Born in Kent, Indiana, on October 18, 1844, Harvey Washington Wiley was a pioneering activist in the field of food safety. Known as the "Father of the FDA," Wiley campaigned for reforms in food manufacturing and in food labeling throughout much of his career. He became chief chemist at the U.S. Department of Agriculture in 1883 and began his legendary "poison squad" investigations in 1902. In 1912, Wiley became Good Housekeeping magazine's food bureau director. He died in 1930 in Washington, D.C.
Born on October 18, 1844, in Kent, Indiana, chemist Harvey Washington Wiley served as a pioneering activist in the field of food safety. A bright student at his local school, he went on to attend Hanover College in Indiana. After the Civil War broke out, however, Wiley took a break from his studies to fight for the Union Army. He returned to school after the war's end and completed his degree in 1867.
Wiley continued his education at the Indiana Medical College. In 1871, he finished his medical degree and stayed on at the school to teach chemistry, and later joined the faculty of Purdue University as a chemistry professor. While at Purdue, he took on the added responsibility of serving as a chemist for the state of Indiana. In 1878, Wiley made a surprising discovery while examining what he thought was pure honey. He learned that some honey sold to consumers was mostly made of glucose.
Fighting for Safer Food
In 1883, Wiley took the position of chief chemist at the U.S. Department of Agriculture. He began his legendary "poison squad" investigations in 1902. In this project, Wiley had human volunteers—collectively nicknamed the "poison squad"—ingest different food additives to test their impact on health. He then used some of the data that he collected to campaign for a federal law to regulate food additives and food labels.
Wiley's work led to the passage of the Pure Food and Drug Act of 1906, which was put into place the following year. This act brought the power of the federal government behind the fight for safer foods and drugs. Prior to the creation of this legislation, it was up to states and towns to watch over what could be used in the foods and medicines sold their communities. In 1907, Wiley published Foods and Their Adulteration, which included information on how to detect questionable food additives, including artificial coloring and saccharin, and provided extensive information on different food types, from fish to milk to baby products.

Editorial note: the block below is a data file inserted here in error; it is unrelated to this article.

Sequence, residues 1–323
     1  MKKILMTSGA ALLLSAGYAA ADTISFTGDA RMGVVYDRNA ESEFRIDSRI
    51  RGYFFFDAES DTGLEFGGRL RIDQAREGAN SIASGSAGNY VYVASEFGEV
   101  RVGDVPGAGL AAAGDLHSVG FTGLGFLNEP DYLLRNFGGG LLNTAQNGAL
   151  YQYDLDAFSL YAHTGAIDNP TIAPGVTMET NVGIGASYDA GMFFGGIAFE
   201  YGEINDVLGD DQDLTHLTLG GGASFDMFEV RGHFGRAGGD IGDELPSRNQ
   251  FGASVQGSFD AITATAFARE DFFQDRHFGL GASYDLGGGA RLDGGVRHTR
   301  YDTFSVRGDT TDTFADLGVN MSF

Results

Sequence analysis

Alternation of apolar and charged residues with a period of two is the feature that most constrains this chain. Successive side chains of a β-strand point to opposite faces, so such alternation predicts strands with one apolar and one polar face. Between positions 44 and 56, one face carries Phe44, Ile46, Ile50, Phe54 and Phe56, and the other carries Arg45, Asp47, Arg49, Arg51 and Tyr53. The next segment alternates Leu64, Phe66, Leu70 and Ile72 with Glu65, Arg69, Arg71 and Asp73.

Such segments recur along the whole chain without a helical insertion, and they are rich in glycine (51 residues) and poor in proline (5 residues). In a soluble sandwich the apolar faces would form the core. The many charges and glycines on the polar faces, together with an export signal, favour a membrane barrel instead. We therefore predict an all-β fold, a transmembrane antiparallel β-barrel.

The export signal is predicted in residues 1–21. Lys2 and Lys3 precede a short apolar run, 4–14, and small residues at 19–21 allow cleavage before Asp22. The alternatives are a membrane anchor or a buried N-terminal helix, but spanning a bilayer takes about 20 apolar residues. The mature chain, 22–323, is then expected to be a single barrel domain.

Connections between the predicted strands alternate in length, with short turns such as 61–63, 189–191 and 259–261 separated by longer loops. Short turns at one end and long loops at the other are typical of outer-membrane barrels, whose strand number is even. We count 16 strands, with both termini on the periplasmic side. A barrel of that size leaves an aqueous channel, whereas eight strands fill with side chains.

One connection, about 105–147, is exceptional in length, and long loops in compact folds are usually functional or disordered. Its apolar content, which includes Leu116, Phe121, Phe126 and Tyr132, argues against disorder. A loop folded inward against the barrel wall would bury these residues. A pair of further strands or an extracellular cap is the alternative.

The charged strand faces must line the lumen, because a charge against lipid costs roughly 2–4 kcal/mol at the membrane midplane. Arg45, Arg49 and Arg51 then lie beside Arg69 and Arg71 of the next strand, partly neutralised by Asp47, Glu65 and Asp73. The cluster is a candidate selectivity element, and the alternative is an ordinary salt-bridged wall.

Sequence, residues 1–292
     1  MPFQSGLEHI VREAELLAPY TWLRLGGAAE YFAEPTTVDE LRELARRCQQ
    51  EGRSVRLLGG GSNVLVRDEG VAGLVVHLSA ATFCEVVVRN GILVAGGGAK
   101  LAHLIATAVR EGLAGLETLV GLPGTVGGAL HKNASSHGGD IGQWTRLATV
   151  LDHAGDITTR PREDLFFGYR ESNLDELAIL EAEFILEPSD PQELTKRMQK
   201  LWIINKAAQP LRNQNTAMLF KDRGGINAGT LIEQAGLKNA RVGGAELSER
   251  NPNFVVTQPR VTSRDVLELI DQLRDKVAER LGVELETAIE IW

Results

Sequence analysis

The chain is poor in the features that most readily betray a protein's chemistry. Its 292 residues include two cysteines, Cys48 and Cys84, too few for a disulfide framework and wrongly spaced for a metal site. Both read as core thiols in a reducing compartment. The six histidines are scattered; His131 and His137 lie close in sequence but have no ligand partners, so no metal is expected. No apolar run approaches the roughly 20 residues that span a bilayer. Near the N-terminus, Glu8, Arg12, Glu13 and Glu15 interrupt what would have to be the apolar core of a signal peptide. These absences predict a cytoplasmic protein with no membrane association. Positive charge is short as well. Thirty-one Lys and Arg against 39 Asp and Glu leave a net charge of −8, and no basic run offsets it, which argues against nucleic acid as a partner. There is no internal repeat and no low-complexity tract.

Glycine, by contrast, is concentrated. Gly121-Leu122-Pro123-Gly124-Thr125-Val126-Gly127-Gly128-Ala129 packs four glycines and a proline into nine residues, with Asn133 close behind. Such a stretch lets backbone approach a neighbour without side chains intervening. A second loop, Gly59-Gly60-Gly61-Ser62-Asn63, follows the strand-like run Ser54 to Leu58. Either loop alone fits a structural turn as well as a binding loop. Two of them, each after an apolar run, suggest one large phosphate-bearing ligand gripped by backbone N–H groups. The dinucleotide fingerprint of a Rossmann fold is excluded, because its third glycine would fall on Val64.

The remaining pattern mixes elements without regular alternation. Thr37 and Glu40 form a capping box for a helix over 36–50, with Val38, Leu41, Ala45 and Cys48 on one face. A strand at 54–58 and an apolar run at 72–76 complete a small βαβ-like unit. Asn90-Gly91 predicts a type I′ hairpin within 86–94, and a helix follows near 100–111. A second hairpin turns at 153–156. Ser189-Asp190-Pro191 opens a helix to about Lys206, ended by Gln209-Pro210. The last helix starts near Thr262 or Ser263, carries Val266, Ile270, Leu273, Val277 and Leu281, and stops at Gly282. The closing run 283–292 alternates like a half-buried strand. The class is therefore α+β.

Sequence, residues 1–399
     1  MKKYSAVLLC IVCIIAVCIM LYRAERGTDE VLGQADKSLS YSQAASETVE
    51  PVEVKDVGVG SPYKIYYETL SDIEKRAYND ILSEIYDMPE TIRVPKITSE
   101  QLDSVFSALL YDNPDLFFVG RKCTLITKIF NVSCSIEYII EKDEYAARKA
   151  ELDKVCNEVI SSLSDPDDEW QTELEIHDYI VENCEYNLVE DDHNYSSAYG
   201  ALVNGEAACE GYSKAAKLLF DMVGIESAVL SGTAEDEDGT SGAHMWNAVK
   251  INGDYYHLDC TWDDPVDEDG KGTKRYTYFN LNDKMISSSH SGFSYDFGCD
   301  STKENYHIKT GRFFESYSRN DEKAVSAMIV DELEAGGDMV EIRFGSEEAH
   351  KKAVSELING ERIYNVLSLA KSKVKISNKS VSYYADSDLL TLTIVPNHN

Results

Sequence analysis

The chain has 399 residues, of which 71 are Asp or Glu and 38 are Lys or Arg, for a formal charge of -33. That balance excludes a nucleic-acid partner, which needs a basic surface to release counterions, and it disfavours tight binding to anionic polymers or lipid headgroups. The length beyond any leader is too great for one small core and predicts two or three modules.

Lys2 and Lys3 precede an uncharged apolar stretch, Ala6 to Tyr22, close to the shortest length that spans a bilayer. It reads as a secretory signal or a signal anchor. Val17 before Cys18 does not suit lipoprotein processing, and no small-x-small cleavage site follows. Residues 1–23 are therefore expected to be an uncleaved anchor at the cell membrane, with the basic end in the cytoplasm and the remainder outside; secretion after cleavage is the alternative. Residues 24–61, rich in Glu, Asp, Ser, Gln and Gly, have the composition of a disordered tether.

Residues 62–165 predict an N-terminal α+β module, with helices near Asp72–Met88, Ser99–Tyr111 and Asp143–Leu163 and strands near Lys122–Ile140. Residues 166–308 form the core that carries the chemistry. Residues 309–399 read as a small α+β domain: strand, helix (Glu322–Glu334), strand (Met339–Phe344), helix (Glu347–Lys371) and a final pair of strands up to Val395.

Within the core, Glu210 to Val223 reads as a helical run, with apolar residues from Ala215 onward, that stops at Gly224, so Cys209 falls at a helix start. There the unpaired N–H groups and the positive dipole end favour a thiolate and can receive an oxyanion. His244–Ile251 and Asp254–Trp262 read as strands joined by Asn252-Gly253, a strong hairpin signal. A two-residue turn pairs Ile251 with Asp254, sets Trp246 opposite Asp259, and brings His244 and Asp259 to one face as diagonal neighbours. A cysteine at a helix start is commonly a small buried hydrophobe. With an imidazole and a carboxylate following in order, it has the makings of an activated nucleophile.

During the presidencies of both Theodore Roosevelt and William Howard Taft, Wiley headed what would later be known as the Food and Drug Administration. In 1911, he launched a lawsuit against soda maker Coca-Cola; correctly believing that caffeine could be "habit-forming," Wiley wanted the company to properly identify the contents of their beverage, warning consumers that it contained caffeine. Though he lost his case, Wiley helped pave the way for better label and marketing practices.
Over the years, Wiley continued to challenge food and drug companies to make better and safer products, and took his responsibility for enforcing the Pure Food and Drug Act extremely seriously. In the process, he found himself tangling with both government officials and industry leaders over the act. The frustrated champion for food reform resigned his post in 1912.
After leaving the government's employ, Harvey Wiley continued his efforts to help consumers. He went to work for Good Housekeeping magazine in 1912, becoming director of its food bureau. Three years later, he published Not By Bread Alone, in which he offered readers insights on nutrition.
Reflecting on the influential act that he helped pass, Wiley penned History of a Crime Against the Food Law, published in 1929, which provided readers with a look through his investigations and struggles to bring safer products to market. History of a Crime work proved to be one of his final acts of food advocacy.
Harvey Washington Wiley died on June 30, 1930, at the age of 86, at his home in Washington, D.C. He is buried at Arlington Cemetery.
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